Chicago, IL, January 30, 2015
photos courtesy of Dan Bostrom
This past weekend, I went to Chicago to attend the first ever Day of Diversity organized by the Association of Library Services for Children (ALSC) and Children’s Book Council (CBC). This event, which took place in conjunction with ALA’s Midwinter Conference, brought together 100 people from all parts of the book world including publishers, editors, librarians, booksellers, and authors. It included a mix of noted diversity advocates and newbies. The ultimate goal was to inform, engage, and ultimately find ways to turn talk into action.
I was part of a History and Myths panel. The myth busting parts of our talks were as follows:
Jason Low (publisher): Lack of diversity is only a problem in children’s literature
Gene Luen Yang (author): diverse graphic novels are only for diverse readers
Adriana Dominguez (literary agent): Diverse authors are hard to find
K.T. Horning (director of CCBC): We are in a post-racial society
Important takeaway: Diversity sells! Gene Luen Yang proved this when he announced that Ms. Marvel is now the top selling comic at Marvel, even outselling Spiderman. Ms. Marvel is a superhero originally embodied by Carol Danvers as a white, blond woman but who was recently recast as Kamala Khan, a Pakistani American, Muslim teenager from New Jersey.
The rest of the day had distinct highs and lows for me. First a high:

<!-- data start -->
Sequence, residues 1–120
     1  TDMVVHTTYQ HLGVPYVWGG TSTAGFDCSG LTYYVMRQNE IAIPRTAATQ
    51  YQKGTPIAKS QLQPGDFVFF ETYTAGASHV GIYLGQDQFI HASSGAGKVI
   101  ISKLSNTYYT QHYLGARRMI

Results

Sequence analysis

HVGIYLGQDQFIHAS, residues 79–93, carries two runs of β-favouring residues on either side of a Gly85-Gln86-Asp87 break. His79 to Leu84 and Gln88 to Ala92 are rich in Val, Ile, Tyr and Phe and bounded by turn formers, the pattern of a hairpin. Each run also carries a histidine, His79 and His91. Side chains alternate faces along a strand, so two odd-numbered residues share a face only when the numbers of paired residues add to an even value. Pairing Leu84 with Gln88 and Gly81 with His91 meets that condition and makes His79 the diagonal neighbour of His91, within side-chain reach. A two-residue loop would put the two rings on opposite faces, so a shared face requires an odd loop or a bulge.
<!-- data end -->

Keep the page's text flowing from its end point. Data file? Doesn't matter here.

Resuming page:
the Lightening Talk speeches were excellent since my views of the diversity issue are often from a macro perspective. The Lightening talks reminded me of the very personal reasons people become diversity advocates, which helps to put a human face to the movement.
Author Sara Farizan’s retelling of her struggles with sexual identity was quietly funny to the point that she should consider a side career in standup.
Author/Co-founder and President of We need Diverse Books (WNDB), Ellen Oh’s story about her family acting as the inspiration behind why she writes was moving. I will admit I was surprised that she didn’t toot WNDB’s horn a little louder, as she has every right to do. After all, WNDB’s energy and contribution to the diversity movement is that important.
Author Cynthia Letich Smith’s talk created a sense of urgency for me and humanized what is truly at stake. Readers of middle grade and YA novels age out every four years. How many kids have we lost already to adulthood?
Editorial Director of Dial Namrata Tripathi offered a beautiful illustration of the responsibility that comes with being an editor of color and the acceptance of that responsibility. And I wasn’t the only one who thought it was pretty great. While I was complimenting Namrata on her speech, Roger Sutton appeared and asked Namrata if he could reprint her speech for The Horn Book, so look for it in the coming months.